[Puzzleblogger Kevan Choset, October 17, 2005 at 12:09pm] Trackbacks
Verb Ending in 'A':

What is a common English verb ending in the letter 'a'?

Janice N.:
I'm guilty as charged, but I hope you'll give me a lighter sentence.
10.17.2005 1:11pm
Janice N.:
Oh, never mind -- I was wrong about that one. Was thinking "plea," but I guess that's not a verb.
10.17.2005 1:13pm
Ciarand Denlane (mail) (www):
You know you've been reading too many blawgs when you read that question and think that "subpoena" qualifies as a "common" English verb.
10.17.2005 1:28pm
Kevan Choset (mail):
That's actually the answer I was going for.
10.17.2005 1:33pm
pooryoric (mail) (www):
"We're gonna roll out the barrel and Polka all night long." Polka's common and English, right?
10.17.2005 1:37pm
JF (mail):
I ain't gonna answer.
10.17.2005 2:06pm
Good lord Choset, that was a stinker.
10.17.2005 2:10pm
What's next, "to deposition?"
10.17.2005 2:28pm
linda seebach (mail):
10.17.2005 2:48pm
That's 20 minutes of my life I will never get back. Booooooooo
10.17.2005 2:53pm
Mark B. (mail):

She said she was going to henna her hair.

Probably more common that "subpoena" as a verb in non-legal circles....
10.17.2005 3:01pm
Kevin M (mail):
To this trivial contest and its critics I can only say: Nitpick me no nitpicks, and iota me no iotas.
10.17.2005 3:28pm
Jeff R.:
You may Polka all night, but I choose to Lambada instead...
10.17.2005 4:05pm
Lawrence H. White (mail) (www):
"Subpoena" isn't on this list of 600 common regular English verbs. Nor is any other verb ending in "a":
10.17.2005 4:38pm
Kate Litvak (mail):
Most English nouns can be easily represented as verbs, so if "subpoena" and "iota" qualify, so does every other noun that ends with an "a".
10.17.2005 4:52pm
Bob Woolley (mail):
With varying degrees of seriousness....

Lots of styles of dance can be used as verbs: Cha-cha, rhumba, polka, hula, salsa, tarantella, etc.

Roomba, as in to clean the house with the. :-)

Diarrhea. (If you don't know it's a verb, you've never had it.)

Dicta. The judge had no actual precedential holdings to cite, so he dictaed my case all to hell.

Yadayadayada. An episode of Seinfeld demonstrated that one can yadayadayada away sex.

"So, your date French kissed you?" "Yeah, man, she not only salivaed me, she practically uvulaed me!" "I hope she didn't gonorrhea you." "No, but we were out in a meadow, and I did get leaed."

Flea. "Sir, your mangey dog has fleaed me!"

Formula. "But ma, I was working on E=mc^2." "You're late for dinner, young man, and you can't formula your way out of it this time!"

Grandma. "Your parents are away for the weekend, so I get to grandma you for two days!"

"So, they put you on trial when you weren't even there?" "Yeah, man--they absentiaed me."

At Starbucks: "Young lady, java me good."

"Shaniqua, are you coming to the New Year's Eve party tonight?" "I can't. Gotta stay home. My family Kwanzaas."

Margarita: To chill out in a drunken state, listening to old Jimmy Buffet songs.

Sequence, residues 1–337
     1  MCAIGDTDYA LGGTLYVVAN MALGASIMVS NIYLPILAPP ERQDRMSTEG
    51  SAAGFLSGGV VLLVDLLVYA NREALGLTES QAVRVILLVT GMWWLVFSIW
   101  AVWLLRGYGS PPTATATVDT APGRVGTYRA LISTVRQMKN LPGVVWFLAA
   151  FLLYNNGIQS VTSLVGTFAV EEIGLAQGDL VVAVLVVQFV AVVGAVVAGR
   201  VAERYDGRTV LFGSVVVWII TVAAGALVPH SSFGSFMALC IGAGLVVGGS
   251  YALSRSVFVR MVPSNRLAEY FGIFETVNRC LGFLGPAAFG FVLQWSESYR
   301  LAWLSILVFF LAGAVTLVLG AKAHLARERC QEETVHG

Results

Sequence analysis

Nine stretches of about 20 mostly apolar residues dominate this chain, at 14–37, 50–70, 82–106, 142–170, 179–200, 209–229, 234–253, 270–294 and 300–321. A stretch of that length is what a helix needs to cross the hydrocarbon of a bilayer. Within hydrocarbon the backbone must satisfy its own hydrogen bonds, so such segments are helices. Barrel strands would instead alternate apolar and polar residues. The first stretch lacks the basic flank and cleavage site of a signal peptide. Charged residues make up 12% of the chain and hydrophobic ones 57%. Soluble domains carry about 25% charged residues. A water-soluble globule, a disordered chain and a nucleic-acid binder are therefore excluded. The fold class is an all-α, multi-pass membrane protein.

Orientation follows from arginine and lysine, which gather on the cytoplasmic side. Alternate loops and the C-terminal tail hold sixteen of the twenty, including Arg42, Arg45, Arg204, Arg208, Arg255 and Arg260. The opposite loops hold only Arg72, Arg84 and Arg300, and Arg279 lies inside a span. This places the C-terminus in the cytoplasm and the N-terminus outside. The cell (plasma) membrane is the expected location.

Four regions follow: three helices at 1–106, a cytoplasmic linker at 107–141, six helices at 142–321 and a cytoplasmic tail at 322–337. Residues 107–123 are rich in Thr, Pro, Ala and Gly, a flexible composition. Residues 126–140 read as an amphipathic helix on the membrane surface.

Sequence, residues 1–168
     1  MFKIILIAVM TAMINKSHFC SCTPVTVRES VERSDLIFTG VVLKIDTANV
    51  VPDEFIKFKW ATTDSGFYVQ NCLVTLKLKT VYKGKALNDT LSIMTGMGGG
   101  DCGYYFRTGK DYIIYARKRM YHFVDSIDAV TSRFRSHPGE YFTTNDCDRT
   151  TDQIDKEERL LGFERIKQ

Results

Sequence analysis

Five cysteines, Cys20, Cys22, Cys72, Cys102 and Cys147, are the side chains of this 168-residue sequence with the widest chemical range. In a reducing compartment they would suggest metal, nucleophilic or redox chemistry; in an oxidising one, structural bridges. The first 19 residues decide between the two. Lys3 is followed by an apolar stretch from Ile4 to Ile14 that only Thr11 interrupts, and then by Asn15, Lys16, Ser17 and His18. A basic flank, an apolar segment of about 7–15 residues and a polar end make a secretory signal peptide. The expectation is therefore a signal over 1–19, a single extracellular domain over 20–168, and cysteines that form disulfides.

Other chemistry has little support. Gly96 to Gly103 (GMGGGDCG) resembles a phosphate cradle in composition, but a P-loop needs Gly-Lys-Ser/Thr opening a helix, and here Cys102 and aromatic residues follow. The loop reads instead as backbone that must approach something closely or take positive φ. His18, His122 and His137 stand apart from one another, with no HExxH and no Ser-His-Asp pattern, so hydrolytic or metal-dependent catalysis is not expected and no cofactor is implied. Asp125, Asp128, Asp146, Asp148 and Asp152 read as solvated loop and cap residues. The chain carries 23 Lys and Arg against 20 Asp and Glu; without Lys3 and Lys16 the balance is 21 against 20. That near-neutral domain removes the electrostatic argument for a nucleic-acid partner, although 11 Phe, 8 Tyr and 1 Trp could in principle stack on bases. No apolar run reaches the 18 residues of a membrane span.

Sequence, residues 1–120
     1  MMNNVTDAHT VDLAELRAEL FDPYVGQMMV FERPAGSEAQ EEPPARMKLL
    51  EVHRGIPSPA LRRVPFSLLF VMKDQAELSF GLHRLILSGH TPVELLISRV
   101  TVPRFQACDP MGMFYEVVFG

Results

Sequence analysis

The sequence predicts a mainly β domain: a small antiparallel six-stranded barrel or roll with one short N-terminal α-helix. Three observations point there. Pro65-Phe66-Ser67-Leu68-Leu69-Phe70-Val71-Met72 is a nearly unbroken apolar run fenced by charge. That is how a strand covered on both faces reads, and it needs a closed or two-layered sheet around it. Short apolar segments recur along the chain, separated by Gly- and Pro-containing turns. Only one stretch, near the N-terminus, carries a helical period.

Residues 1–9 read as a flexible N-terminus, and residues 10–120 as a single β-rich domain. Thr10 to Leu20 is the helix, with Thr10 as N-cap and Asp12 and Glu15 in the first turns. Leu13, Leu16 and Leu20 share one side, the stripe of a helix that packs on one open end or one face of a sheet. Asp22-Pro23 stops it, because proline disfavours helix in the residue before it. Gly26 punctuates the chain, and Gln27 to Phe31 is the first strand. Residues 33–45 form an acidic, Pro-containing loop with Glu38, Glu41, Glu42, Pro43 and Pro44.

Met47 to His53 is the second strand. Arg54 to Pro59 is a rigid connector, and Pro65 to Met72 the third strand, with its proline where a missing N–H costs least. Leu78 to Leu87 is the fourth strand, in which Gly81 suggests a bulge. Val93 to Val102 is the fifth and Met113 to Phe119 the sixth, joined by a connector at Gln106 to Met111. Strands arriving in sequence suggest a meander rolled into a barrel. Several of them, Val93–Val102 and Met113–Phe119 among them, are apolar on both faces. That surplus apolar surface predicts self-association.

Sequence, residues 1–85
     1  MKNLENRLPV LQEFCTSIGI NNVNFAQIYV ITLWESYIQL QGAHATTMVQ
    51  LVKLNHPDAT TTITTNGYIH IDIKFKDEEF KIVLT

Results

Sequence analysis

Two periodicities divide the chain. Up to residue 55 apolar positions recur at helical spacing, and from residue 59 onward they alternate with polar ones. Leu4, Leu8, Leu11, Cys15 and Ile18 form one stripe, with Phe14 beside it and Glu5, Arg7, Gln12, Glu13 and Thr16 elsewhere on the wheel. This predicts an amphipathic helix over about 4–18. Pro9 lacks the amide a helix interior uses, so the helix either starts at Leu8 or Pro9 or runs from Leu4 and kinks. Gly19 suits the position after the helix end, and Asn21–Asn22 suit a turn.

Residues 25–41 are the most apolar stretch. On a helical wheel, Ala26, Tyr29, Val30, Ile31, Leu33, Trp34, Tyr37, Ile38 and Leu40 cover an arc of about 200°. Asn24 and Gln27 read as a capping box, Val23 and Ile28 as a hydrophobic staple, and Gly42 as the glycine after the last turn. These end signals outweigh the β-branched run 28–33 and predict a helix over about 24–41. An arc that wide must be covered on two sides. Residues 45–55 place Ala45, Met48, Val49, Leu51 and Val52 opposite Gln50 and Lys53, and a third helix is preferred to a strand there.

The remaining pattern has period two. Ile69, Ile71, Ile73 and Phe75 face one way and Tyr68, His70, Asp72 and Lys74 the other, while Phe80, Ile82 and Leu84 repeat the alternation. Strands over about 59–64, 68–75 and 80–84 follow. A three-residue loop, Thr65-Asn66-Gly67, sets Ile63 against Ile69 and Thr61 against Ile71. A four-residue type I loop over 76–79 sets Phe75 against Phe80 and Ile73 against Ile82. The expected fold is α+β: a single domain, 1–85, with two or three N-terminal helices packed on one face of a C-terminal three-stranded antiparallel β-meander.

Sauna, as in to relax in a.

Scuba. To go diving.

Toga. "I went to a John Belushi party. I wasn't dressed for the occasion, but they togaed me."
10.17.2005 4:59pm
Steve Donohue (mail) (www):
10.17.2005 5:27pm
Alan K. Henderson (mail) (www):
"My latest blog post was Insta'ed."
10.17.2005 5:29pm
Dick King:
10.17.2005 5:29pm
Dick King:
10.17.2005 5:30pm
John Armstrong (mail):
Okay, so are there any answers that don't come from sloppily using nouns as verbs or from sloppy pronunciations?
10.17.2005 7:48pm
I'm developing the worst school girl crush on Kevan. Oh intelligence.. so sexy.
10.17.2005 8:31pm
DW (mail):
Does 'gonna' count as a verb? It's about 5 times more common on google than 'subpoena'. I know it's not a "real" word but its used so often
10.17.2005 8:48pm
Tom R (mail):
By contrast, IIRC in Swedish, every verb (in the infinitive) ends in "-era"...
10.17.2005 10:52pm
RJL (mail):
In Boston, they almost all do.

I'll start with a favorite from Cheap Trick: surrenda
10.17.2005 11:01pm
ChuckL (mail):
Turning nouns into verbs is common as in frequent, and common as in vulgar, but not common as in conventional.

"Many nouns have lately been pressed into service as verbs. Not all are bad, but all are suspect." -- William Strunk, Jr. and E. B. White, The Elements of Style
10.18.2005 2:11pm
Lab Rat (mail):
"Verbing weirds language" - Calvin &Hobbes
10.18.2005 2:48pm
Michael Ausbrook (mail) (www):
"Subpoena," according to WordCount is the 45501 most common word--between "etty" and "combinatorial." (The only "etty" I can find is "Etty, Kentucky"

I have no idea how accurate WordCount is, but it's an interesting little tool.
10.18.2005 3:33pm
Chris Land (mail):
A follow-up: What's the most common verb ending in "i"? It's in the top 10,000 at WordCount.

There's two very common ones that end in "o". My advice: Do go look them up yourself. ;P
10.18.2005 8:41pm